Life After Foster Care

During a Faith in Action Bay Area meeting yesterday we were working on pin-pointing false narratives about unhoused people. Our goal was to find true stories that dispel those untrue statements. What are the false narratives about what happens after a youth becomes an adult and leaves the foster care system? In general, a youth has aged out of the system at 18 years old, but some states are extending it to 24 years in order to provide more support. People who do not want to pay for the foster care system might say, “The foster care/government system has supported children until they became adults. They should have the tools to become independent. They are on their own at 18.” Unfortunately, according to the group, A Sense of Home, we know that 50% of people experiencing homelessness are former foster youth. ( The foster care system does not have the capacity to fully serve resources to the average of 566 children who enter the foster care system every day in the U.S. According to the June 2022 AFCARS Report (, that's 1 youth every 2.5 minutes. There is a disproportionate amount of houseless teens who identify as LGBTQ2SIA+. True Colors United says that they are 120% more likely to experience homelessness and are at risk for gender dysphoria and suicide. ( The nation-wide worker shortage or rather workers’ unwillingness to work in unsupportive environments has also brought an uptick in workers striking in order to get their demands met. Working in the foster care system takes training, dedication to learning on-the-job, as well as compassion and problem-solving skills. If workers are not properly trained and supported, they get emotional burn-out. How can we be the hands and feet of Jesus to help change this system?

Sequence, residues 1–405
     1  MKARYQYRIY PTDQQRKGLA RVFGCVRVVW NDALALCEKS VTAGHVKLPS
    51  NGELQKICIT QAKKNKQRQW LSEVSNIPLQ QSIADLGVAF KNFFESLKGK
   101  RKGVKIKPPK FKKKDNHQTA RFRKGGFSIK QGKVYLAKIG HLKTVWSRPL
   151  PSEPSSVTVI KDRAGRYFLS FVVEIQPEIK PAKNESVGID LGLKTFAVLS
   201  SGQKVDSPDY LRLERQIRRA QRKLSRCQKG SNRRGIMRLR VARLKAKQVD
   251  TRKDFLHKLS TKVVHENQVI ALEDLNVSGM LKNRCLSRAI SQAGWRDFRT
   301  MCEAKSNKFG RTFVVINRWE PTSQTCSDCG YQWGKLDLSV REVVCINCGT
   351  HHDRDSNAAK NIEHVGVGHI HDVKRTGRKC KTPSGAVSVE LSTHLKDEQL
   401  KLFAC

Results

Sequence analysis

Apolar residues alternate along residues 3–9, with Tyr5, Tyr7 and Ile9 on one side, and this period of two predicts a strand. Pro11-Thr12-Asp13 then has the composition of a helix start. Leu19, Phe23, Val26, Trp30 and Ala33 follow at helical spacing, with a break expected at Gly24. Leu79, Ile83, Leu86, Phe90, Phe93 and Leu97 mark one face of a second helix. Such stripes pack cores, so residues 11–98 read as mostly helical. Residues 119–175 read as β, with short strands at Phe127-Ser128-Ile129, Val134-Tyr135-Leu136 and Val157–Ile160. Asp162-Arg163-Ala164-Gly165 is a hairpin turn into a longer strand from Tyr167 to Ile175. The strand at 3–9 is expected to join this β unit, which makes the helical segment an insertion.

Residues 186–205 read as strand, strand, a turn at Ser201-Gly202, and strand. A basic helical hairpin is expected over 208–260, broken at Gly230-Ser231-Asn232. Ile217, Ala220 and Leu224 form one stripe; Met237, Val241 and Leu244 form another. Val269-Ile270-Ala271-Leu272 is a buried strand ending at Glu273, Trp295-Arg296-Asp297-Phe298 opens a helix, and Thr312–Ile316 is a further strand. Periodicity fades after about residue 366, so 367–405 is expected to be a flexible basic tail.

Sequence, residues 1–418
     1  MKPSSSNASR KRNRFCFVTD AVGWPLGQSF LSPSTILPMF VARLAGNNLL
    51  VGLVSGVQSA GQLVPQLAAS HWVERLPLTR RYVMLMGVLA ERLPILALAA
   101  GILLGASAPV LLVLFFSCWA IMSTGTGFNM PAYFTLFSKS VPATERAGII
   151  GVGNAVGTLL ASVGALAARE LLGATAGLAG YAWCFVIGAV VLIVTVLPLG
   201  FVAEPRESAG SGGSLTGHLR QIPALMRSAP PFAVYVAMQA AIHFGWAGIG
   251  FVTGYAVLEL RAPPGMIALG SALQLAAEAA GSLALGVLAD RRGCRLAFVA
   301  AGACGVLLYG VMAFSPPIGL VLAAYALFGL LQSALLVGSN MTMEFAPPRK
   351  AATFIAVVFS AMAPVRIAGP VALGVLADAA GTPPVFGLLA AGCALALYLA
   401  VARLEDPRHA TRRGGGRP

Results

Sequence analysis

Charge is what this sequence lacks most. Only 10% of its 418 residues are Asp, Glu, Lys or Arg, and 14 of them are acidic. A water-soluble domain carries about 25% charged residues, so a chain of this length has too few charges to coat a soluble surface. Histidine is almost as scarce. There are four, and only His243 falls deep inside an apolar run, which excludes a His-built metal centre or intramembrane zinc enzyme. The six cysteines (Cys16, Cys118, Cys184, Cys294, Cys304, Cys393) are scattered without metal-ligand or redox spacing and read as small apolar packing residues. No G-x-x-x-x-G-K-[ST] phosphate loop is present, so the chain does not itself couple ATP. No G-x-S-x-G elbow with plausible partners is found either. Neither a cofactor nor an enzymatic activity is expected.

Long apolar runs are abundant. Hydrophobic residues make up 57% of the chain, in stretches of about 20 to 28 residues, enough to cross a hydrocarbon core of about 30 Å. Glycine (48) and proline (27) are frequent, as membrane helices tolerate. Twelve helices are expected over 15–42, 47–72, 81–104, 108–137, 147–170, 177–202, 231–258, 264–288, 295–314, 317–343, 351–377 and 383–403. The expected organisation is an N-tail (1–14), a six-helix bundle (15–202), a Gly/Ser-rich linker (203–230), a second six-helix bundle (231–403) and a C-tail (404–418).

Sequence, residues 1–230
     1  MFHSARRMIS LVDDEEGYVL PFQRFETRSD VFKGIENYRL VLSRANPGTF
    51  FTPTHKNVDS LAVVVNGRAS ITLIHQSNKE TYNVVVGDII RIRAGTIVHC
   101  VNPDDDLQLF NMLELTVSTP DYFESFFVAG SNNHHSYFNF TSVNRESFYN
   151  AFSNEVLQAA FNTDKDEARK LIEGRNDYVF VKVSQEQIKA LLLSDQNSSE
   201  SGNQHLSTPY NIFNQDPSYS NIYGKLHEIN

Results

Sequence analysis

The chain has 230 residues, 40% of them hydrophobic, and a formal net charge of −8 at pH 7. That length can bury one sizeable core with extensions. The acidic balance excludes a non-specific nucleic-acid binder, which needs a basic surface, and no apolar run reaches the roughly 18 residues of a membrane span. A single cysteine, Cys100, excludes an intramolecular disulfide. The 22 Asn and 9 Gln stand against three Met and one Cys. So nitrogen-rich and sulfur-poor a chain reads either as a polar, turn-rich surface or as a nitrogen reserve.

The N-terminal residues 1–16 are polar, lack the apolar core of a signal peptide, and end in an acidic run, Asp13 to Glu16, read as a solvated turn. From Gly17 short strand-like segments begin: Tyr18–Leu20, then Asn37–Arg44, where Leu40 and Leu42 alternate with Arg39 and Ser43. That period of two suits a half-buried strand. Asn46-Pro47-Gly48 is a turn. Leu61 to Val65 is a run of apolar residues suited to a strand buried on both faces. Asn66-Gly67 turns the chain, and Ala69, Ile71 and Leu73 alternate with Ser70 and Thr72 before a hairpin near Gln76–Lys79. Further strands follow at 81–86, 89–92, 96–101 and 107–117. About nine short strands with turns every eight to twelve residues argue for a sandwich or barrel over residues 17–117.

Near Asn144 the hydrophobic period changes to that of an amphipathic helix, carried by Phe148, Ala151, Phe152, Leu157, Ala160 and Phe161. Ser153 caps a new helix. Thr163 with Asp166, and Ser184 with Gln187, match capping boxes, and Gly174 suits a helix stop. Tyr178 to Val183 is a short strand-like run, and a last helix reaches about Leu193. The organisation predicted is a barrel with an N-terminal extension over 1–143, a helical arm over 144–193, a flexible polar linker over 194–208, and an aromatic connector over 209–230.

Feeding Our Grief

“Cynecism is ungrieved grief.” I thought about this quote a lot after reading Traci Smith’s free Treasure Box Tuesday email. She, a children’s minister and author, quotes pastor and author, Rob Bell, who probably officiated many memorials and heard countless stories of grief from congregation members. In the past two months, I have attended three memorials for parents of my peers. All of the services were culturally different, but the grief was the same. We got together to breathe in stillness, hear music, observe the grieving family, eat a meal together, and connect with our own mortality. Ashes to ashes. I experienced three Ash Wednesdays after Easter. Civilian and urban folks world-wide have endured multiple brutal and unplanned Ash Wednesdays since Easter. San Francisco, Texas, Ukraine, Sudan.